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Do you remember the Laurentien Hotel?

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By: Dick Nieuwendyk – mtltimes.ca

Laurentien Hotel  – The 1000 room Queen Elizabeth Hotel was the largest hotel in Montreal when it opened in 1948. It was located on the corner of Dorchester Blvd (now René Lévesque) and Peel Street, once the location of the Dominion-Square Methodist Church, built in 1865. The church sold the property in 1912, when it moved to a new location in Westmount.

The 21-floor hotel was designed in the Streamline Moderne, or Art Moderne style by Charles Davis Goodman, a well-known Montreal architect, who was also the architect of Ben’s Deli on nearby Maisonneuve Blvd, the Jewish General Hospital, and numerous residences and apartment buildings in Outremont.

 

Dorchester Blvd looking east – The Laurentien Hotel in the center with the PTC terminal in the foreground – ca 1959

Mayor Camilien Houde who, in March 1946 turned the first sod for the construction, officially opened the hotel in 1948. In his opening speech, Mayor Houde stressed the contribution the hotel would make to the tourist industry and also said that it would be a “monument to friendly bilingual relations” because its English builders had given its name the French spelling “Laurentien”.

The hotel was demolished in 1978 to make room for a new $120-million development, proposed by the Canadian Pacific Ltd. but fell through. Today, the 27-story La Laurentienne office tower, designed by Dimitri Dimakopoulos & Associates, opened in 1986, stands on the site of the former hotel.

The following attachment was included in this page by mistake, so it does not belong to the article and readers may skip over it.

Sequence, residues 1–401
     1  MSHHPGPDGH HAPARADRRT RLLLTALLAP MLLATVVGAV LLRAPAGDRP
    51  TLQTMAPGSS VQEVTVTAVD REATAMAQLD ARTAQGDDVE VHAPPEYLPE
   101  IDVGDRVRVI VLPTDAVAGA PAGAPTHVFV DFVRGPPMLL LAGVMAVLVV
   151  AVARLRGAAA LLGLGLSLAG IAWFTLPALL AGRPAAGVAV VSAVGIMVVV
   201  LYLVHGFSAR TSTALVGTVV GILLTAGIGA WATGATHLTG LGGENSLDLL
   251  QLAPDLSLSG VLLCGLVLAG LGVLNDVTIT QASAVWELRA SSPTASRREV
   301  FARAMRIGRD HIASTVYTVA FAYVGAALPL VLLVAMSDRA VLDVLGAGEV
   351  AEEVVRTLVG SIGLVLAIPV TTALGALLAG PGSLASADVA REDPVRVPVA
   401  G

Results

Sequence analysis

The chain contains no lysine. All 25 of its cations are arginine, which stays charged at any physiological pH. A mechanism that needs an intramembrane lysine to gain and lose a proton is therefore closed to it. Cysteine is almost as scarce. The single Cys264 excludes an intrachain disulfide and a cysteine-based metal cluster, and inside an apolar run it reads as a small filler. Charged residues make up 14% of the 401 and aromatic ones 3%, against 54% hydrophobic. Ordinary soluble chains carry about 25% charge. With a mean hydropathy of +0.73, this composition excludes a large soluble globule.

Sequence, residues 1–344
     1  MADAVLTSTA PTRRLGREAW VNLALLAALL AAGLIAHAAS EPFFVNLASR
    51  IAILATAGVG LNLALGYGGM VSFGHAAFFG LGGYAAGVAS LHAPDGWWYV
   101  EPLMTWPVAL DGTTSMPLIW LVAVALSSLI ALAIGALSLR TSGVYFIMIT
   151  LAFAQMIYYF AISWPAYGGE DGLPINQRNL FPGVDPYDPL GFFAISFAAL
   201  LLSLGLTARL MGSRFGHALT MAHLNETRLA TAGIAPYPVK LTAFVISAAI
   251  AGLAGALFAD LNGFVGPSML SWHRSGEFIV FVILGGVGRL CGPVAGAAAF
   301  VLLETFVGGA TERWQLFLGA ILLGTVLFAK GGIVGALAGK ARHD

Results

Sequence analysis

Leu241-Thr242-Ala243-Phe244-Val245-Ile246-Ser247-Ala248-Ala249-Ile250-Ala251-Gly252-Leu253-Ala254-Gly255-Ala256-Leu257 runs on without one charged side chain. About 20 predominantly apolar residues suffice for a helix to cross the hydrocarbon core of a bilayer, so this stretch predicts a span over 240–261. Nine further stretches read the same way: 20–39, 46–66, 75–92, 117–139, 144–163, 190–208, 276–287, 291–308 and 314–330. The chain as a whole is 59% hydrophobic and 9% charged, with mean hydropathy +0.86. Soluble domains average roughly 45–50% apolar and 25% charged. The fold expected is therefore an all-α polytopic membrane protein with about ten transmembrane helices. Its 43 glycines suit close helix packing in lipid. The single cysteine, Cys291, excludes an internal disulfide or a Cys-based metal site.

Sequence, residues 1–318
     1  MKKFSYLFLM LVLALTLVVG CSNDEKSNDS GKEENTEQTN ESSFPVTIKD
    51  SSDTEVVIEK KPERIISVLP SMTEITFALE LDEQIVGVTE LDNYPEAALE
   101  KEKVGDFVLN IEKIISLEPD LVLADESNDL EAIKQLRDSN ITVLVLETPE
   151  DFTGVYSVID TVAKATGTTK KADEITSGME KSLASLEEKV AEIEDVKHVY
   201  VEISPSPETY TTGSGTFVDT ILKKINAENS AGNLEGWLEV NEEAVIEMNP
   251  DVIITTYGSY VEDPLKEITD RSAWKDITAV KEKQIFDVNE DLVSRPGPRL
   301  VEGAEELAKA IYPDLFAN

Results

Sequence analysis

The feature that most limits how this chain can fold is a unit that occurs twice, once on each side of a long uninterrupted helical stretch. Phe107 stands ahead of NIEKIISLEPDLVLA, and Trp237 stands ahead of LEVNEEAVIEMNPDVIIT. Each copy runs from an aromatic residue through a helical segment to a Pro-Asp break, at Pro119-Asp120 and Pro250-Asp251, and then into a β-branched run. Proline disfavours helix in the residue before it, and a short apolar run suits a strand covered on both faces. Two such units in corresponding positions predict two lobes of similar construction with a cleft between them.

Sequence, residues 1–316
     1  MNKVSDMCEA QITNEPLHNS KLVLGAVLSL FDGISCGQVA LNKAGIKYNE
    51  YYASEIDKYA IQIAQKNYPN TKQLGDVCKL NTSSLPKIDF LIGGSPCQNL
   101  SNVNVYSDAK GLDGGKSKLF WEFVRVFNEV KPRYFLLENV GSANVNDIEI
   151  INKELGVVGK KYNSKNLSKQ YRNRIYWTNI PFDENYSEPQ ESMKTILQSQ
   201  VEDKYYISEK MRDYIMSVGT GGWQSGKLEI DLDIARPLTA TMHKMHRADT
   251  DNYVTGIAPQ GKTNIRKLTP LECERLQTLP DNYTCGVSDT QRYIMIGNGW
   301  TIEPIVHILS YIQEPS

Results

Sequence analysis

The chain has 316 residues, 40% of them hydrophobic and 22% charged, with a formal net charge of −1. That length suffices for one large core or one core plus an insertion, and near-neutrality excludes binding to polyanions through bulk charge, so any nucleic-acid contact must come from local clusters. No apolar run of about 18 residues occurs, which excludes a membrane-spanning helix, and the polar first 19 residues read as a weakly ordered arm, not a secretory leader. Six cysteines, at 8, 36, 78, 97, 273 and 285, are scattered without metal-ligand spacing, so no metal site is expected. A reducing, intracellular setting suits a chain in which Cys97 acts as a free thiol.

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Shortly after Jean Drapeau was elected mayor in 1954, his administration ordered the destruction of hundreds of buildings along Dorchester. In 1955, after the streetcars and their tracks were removed, Dorchester Blvd. was rebuilt and widened into an eight-lane boulevard, with a centre divider and new streetlights.

Dorchester Blvd looking east – The La Laurentienne bldg in the center – 2016

In the top photo, looking east on Dorchester Blvd, the 1039-room Queen Elizabeth Hotel, opened in 1958, is visible in the background, the Laurentien Hotel in the center, and the bus terminal, ran by the Provincial Transport Co. in the foreground. The bus terminal, designed by Harold Edgar Shorey, was like the Laurentien, also a Streamline Moderne piece of architecture. It closed on Friday, June 19, 1970 when operations moved from Drummond Street to the Voyageur bus terminal on Berri Street.

Source: SkyscraperPage / Verdun Guardian / Rohinton Ghandhi / Ville de Montréal

To see the article in the Montreal Times 22.57 April 15, 2017 edition please click on the above image
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